Generations ago, nursery rhymes were created to help young children develop their rhyming skills. Nursery rhymes have withstood the test of time because the ability to rhyme is an essential part of learning how to speak and read. Rhyming is an early predictor of reading readiness, story retelling, creative writing, auditory discrimination, and sentence writing, so its vital to make time for a child’s rhyme!
Benefits of Making Time for a Child’s Rhyme
- Babies learn speech patterns, speech cadence, and auditory discrimination with rhymes.
- Toddlers and preschool children can gain readiness skills by listening to sets of rhyming sentences. This is important for word prediction, story retelling, experimenting with new words that have rhyming endings, and comparing/contrasting concepts of words that “do” and “don’t” rhyme.
- Kindergarten through second grade children can improve their ability to identify word families and word chunks. These are helpful for phonetic decoding, spelling, sight word recognition, and reading comprehension.
- School aged children can improve their creative writing skills by developing their own rhyming sentences, stories, and songs.
How to Make Time for a Child’s Rhyme In Your Busy Day
- Incorporate rhyming bedtime songs with your child before naptime and bedtime. Many rhyming songs are soothing, predictable, and reinforce routines at these times of day.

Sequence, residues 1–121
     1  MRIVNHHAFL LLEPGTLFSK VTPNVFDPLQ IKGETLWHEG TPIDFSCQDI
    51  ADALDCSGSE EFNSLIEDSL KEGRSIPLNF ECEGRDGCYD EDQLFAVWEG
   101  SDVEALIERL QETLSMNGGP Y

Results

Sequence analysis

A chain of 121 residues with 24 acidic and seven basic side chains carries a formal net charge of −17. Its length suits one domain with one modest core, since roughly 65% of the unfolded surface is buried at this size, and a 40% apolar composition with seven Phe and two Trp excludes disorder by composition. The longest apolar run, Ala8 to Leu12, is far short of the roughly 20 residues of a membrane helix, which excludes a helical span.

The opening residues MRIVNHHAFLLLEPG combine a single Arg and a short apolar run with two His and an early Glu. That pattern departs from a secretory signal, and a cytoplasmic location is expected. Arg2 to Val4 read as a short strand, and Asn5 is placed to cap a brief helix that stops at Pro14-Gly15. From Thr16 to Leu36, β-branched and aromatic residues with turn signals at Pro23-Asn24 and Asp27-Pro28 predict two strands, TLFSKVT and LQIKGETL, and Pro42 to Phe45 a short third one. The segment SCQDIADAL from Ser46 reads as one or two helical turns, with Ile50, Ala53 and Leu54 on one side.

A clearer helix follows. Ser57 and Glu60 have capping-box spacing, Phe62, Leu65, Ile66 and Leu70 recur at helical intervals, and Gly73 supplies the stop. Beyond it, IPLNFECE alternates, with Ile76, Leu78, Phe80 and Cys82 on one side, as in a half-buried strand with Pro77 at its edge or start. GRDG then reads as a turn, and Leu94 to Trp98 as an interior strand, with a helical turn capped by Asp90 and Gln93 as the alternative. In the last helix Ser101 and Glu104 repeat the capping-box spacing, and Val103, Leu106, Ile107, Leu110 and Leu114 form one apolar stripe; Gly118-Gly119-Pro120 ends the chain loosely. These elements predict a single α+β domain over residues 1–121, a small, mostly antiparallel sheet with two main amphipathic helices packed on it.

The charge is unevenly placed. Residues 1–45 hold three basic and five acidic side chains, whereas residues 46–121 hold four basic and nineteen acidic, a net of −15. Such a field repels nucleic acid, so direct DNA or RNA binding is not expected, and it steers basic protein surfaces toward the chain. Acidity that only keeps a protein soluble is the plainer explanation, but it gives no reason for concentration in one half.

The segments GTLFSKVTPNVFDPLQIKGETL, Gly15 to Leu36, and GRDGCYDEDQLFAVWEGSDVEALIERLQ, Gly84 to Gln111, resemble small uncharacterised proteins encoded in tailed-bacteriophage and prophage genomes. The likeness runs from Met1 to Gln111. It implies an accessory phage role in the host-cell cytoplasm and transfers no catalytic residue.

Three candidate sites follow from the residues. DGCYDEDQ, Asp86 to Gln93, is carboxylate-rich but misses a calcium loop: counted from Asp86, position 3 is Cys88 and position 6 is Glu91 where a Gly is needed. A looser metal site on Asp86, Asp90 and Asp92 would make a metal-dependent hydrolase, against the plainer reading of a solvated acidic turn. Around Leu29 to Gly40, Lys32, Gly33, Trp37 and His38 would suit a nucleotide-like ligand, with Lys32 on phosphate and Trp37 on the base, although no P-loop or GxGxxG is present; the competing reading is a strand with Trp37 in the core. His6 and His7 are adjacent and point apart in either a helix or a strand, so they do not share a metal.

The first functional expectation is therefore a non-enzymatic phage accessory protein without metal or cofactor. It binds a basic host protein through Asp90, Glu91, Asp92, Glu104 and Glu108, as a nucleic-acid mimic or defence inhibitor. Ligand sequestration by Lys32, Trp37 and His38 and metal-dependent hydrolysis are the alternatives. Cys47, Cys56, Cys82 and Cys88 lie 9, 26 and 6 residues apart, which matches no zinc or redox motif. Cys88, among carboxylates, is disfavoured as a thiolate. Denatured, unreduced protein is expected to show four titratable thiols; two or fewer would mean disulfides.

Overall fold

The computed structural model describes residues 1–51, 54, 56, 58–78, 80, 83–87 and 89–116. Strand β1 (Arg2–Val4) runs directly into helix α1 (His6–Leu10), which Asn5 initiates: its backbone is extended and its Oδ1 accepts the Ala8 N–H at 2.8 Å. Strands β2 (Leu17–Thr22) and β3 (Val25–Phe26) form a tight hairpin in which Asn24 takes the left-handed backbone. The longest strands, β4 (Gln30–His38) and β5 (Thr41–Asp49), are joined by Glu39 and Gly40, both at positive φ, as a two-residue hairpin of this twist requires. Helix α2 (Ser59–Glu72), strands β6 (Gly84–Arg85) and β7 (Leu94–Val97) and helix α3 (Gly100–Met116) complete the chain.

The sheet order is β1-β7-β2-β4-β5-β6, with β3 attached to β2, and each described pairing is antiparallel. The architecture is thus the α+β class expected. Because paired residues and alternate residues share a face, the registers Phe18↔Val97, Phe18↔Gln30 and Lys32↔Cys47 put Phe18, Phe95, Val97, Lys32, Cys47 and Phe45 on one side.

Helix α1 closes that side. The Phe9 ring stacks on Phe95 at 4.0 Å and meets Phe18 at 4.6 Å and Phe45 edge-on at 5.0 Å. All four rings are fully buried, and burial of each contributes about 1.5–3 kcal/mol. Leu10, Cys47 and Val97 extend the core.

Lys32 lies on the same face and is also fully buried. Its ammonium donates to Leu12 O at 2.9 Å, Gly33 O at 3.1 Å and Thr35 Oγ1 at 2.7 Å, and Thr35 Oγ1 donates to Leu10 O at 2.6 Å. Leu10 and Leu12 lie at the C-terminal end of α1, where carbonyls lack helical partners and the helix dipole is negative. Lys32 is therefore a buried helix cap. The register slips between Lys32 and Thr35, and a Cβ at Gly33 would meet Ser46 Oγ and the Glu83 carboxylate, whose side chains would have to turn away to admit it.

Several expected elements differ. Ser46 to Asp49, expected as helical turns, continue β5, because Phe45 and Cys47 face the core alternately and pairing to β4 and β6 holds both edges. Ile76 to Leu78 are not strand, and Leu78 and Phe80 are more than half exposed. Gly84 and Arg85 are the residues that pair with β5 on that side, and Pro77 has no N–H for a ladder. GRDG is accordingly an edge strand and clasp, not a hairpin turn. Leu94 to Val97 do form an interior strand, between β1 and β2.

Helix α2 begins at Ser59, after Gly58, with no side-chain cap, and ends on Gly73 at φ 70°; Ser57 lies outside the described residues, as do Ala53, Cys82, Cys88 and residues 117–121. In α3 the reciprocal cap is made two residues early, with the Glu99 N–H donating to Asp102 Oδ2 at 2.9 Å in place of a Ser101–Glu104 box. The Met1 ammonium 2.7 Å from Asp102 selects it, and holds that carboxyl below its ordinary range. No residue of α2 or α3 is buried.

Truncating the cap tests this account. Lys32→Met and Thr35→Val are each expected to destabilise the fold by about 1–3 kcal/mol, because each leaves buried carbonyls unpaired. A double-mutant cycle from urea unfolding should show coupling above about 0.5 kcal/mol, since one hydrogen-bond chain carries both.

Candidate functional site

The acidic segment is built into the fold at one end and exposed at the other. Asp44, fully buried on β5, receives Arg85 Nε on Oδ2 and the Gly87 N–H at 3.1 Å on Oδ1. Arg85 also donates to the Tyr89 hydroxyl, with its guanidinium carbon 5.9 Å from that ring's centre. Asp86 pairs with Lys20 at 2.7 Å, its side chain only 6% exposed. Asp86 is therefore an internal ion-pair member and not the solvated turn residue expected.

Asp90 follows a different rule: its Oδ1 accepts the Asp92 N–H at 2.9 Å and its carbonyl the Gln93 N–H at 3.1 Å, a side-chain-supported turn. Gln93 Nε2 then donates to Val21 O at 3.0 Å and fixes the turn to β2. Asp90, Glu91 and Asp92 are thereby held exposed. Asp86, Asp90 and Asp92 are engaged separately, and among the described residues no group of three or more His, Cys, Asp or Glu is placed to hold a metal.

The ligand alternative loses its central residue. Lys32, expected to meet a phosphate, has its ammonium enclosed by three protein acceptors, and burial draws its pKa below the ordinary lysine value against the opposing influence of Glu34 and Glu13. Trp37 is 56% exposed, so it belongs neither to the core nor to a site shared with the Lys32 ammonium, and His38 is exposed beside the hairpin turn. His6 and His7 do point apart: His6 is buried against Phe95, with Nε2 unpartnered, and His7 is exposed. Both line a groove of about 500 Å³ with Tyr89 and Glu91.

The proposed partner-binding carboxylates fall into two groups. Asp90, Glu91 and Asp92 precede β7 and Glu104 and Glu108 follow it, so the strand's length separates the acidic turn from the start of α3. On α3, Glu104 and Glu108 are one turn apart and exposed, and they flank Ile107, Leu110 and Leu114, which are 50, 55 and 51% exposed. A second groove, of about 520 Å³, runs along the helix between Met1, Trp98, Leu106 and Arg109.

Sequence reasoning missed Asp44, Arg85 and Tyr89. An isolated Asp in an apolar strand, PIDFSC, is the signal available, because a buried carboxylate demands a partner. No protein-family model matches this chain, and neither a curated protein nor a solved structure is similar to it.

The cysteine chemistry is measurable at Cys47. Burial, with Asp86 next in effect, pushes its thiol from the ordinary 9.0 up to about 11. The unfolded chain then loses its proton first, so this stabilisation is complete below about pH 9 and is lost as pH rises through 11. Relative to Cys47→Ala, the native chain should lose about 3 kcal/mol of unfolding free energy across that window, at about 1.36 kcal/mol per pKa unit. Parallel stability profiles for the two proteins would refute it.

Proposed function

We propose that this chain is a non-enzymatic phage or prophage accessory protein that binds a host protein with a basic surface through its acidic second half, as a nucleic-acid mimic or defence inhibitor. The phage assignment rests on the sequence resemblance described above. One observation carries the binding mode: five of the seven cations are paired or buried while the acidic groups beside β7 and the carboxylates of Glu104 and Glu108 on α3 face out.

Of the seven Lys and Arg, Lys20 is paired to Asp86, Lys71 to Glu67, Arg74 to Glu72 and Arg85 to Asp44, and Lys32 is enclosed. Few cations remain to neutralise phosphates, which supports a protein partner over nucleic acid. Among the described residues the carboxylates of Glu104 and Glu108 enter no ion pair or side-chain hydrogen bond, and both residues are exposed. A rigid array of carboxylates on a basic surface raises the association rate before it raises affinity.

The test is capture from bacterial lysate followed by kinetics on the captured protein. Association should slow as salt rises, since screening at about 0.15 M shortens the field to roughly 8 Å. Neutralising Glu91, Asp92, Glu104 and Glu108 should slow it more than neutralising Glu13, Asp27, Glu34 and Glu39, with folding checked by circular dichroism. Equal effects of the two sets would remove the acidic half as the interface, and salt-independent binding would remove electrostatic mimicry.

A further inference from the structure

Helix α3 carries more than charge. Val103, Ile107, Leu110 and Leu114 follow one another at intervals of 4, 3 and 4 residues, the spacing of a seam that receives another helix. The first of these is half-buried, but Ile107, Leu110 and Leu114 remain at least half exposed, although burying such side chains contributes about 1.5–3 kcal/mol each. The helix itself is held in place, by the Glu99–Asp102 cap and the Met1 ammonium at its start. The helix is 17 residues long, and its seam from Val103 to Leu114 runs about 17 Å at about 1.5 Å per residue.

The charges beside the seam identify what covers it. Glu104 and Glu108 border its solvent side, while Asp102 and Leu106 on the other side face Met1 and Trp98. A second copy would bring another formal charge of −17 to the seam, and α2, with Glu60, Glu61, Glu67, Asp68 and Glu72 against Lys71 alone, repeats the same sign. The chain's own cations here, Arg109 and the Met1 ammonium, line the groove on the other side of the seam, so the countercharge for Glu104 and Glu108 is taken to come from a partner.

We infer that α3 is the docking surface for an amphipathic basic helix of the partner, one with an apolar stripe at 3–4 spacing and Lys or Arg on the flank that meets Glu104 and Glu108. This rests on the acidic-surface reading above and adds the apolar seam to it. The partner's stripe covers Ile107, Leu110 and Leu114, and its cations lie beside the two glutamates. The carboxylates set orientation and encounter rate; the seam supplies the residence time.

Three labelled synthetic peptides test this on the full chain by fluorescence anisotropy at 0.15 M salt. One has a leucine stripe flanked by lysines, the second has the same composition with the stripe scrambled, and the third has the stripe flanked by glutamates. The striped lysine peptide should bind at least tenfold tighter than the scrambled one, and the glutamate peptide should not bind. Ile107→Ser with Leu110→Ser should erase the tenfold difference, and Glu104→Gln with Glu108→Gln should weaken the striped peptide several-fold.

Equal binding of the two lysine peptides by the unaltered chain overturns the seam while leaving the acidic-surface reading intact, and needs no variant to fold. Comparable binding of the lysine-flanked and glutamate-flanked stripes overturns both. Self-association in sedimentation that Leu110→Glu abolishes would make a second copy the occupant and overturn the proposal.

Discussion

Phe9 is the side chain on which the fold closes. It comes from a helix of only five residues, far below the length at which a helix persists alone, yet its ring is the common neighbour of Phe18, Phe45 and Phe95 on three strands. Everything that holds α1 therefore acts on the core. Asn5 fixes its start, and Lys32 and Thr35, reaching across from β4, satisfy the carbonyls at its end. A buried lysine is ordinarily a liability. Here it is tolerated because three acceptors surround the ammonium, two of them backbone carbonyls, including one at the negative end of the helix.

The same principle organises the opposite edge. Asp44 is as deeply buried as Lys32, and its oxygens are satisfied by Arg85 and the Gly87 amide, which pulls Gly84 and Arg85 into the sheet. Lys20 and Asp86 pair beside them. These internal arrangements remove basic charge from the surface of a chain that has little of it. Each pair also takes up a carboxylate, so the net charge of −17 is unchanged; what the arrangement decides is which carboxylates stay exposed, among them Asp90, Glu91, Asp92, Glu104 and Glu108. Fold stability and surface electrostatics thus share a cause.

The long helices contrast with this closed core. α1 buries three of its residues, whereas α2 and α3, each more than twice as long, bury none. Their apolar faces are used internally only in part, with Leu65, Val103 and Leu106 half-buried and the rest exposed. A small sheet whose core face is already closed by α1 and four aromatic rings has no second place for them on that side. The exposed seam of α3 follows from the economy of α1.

- Sing songs during mealtime with your child incorporating rhymes. Mealtime can be a great way to introduce rhyming with trying new foods.
- Attend story time at your local library where they often sing or read rhyming songs. Not only will this be a good exposure to rhyme, but the social aspect of story times will improve your child’s social skills and awareness.
- Give your child a word and tell them to come up with rhyming words (even if they are non-sense words). This will reinforce bonding and relationship building in addition to improving creativity.
Get your Free Make Time for a Child’s Rhyme Printable (click link below)
Download this free rhyming worksheet for rhyming practice with young children. If your child cannot read or write yet, simply ask them if they can identify the missing rhyming word.
Also take advantage of these free nursery rhymes and rhyming songs from YouTube that you can use with your child.
Thanks for reading Make Time for a Child’s Rhyme. Check out these additional articles for the use of rhyming: Benefits of Rhyming and Importance of Rhyming. Remember to tell us your favorite rhyme song in the comments below!